Here is a photo of the studio I worked in for thirteen years (before that, I was a potter, and when I started doing freelance work and painting I used an upstairs tiny bedroom in the house).
Though this upstairs in a barn served me well for many years, its main challenges were the knee walls and gable ceiling, and the lack of running water in the building. No sink, no bathroom.
Beginning to pour concrete for the foundation

The deck is done and framing the walls begins


Second floor and loft framing begin

Beginning to close it in

Interior, sometime in the summer

Exterior, awaiting exterior insulation, strapping, and siding.
Drywall defines the space.

Exterior is insulated and strapped, shingles are going up.

Here is a brief tour of the studio after the first day of working in it.

Sunday, December 2, 2018

Art For Fun

I read this article from the New York Times the other day, and shared it on Facebook because it raised interesting questions for me as a teacher. The article states that fewer people have "hobbies" these days because we have devalued the practice of leisure activities, things we do just for fun and relaxation with no pressure to be good at them.

I will admit to bristling just a little bit when someone comes to a workshop saying "I just want to have fun", and treating it like a vacation. Huh? I ask myself.  
Why shouldn't someone come to a workshop for fun? What is MY problem with this?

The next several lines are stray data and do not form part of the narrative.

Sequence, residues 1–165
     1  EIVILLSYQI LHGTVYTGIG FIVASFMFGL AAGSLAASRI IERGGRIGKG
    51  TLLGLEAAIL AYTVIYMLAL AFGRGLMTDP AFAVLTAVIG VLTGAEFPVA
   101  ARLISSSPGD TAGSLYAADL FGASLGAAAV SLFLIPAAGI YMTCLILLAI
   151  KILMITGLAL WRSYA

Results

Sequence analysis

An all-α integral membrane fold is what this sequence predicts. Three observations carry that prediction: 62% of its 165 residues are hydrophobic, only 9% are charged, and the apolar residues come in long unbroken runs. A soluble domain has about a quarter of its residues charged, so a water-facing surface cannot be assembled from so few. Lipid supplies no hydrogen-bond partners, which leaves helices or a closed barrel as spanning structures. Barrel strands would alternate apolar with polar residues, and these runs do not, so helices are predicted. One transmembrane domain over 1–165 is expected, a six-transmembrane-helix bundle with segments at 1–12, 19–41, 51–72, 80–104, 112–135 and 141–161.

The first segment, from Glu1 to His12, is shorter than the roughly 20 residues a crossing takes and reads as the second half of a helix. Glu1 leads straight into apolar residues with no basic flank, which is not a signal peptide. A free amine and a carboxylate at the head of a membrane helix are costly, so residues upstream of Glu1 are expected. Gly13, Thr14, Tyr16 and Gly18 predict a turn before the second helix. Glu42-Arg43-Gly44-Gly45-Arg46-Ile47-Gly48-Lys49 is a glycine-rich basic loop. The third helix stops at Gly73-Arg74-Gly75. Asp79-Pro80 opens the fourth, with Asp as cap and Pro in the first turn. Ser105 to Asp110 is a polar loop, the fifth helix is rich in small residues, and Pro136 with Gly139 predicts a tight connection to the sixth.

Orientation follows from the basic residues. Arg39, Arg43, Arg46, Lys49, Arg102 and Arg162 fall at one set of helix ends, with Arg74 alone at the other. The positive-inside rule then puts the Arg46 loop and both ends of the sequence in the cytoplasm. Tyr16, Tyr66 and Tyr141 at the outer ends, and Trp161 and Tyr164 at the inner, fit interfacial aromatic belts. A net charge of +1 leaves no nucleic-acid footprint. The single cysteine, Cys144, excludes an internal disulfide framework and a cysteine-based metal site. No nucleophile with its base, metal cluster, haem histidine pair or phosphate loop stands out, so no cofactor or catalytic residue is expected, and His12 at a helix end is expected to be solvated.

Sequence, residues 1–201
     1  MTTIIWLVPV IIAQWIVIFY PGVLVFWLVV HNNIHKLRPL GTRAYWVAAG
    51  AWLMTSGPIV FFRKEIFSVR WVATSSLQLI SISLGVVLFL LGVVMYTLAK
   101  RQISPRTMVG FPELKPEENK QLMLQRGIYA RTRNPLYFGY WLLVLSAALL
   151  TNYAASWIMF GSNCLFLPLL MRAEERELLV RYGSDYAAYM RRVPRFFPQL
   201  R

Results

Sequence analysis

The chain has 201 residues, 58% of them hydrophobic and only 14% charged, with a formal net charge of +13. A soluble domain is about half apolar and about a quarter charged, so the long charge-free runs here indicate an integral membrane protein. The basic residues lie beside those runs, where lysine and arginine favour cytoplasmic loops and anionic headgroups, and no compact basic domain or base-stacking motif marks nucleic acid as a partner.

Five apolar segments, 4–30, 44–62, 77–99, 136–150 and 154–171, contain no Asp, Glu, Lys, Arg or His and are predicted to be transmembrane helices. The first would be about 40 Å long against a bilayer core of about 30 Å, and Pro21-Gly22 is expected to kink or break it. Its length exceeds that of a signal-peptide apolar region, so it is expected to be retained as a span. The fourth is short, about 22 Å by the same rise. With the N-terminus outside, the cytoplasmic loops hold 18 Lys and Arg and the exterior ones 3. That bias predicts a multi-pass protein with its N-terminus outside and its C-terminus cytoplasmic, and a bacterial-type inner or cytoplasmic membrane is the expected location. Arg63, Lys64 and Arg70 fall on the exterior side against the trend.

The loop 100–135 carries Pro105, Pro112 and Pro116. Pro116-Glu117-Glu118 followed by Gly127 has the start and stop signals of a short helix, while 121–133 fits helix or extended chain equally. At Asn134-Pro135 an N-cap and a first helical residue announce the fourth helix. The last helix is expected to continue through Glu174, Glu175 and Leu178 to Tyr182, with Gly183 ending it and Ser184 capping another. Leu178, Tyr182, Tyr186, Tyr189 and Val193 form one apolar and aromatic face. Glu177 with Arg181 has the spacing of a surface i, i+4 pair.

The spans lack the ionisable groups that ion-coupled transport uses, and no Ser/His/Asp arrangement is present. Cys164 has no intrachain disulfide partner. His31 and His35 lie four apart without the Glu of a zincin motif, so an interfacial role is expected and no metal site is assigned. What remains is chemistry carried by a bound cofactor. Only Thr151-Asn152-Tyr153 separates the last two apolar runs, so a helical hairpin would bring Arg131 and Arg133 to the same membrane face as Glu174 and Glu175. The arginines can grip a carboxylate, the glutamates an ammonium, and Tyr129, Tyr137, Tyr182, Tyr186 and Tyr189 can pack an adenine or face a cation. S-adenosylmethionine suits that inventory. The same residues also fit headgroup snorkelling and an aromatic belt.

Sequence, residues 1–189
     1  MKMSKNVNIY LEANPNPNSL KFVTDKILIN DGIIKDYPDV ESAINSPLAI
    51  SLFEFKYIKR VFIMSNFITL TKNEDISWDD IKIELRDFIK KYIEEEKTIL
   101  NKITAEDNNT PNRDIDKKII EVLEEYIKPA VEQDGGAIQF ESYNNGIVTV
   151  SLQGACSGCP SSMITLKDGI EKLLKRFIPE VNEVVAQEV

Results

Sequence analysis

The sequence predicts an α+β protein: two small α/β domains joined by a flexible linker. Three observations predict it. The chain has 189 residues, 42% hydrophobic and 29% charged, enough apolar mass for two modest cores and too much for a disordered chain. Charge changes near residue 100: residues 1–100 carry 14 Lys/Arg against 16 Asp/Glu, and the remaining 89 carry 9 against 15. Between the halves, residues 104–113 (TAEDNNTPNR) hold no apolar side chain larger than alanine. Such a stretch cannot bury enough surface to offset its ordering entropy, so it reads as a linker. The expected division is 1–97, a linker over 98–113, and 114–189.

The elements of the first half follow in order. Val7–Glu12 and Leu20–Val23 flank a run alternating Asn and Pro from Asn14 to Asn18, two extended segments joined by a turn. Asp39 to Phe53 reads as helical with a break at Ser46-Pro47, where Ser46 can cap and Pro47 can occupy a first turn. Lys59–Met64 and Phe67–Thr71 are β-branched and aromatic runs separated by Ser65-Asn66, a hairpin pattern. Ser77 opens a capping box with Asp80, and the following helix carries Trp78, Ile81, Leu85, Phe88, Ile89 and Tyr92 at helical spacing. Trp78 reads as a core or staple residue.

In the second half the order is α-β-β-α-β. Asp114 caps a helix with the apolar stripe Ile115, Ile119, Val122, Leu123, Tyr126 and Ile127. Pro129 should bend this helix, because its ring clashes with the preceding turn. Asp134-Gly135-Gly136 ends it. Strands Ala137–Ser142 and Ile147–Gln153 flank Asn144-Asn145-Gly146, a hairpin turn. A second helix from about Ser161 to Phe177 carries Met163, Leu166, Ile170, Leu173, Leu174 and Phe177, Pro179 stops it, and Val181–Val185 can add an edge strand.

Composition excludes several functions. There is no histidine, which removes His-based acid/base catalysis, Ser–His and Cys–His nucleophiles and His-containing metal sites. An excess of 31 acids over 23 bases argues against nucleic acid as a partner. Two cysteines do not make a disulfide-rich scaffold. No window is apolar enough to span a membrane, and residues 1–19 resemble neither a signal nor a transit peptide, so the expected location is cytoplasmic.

I guess I think that implicit in "just for fun" is the idea that it's easy, and anyone who practices art knows that it is anything but easy. But it IS FUN TOO, or we wouldn't do it.

 Do I feel that "just for fun" somehow diminishes a practice that I take seriously? 

One thing about making art (or singing, or making jewelry, or acting, or cooking - creative endeavors in general) is that you CAN do it for fun. You CAN achieve a skill level that will allow you to enjoy it and get some satisfaction out of your creations. And that engaged enjoyment of a creative activity is valuable in itself. 

If I were to teach a workshop, or maybe "offer a session" is a better way to put it, that was really focused on "art for fun", what would that look like? Easy techniques with which you can make beautiful things? Art Without Agony? ... and then my mind jumps to the slightly cynical "quick and easy ways to make real art".  
Can I just relax with the idea of encouraging art practice for pleasure?

Students making art and having fun at Madeline Island School of the Arts.

Having fun and making art in Green Valley, AZ
Having fun and making art (and goofing around with my ukulele and alligator puppet) at Hudson River Valley Art Workshops

I would love to hear your thoughts on this.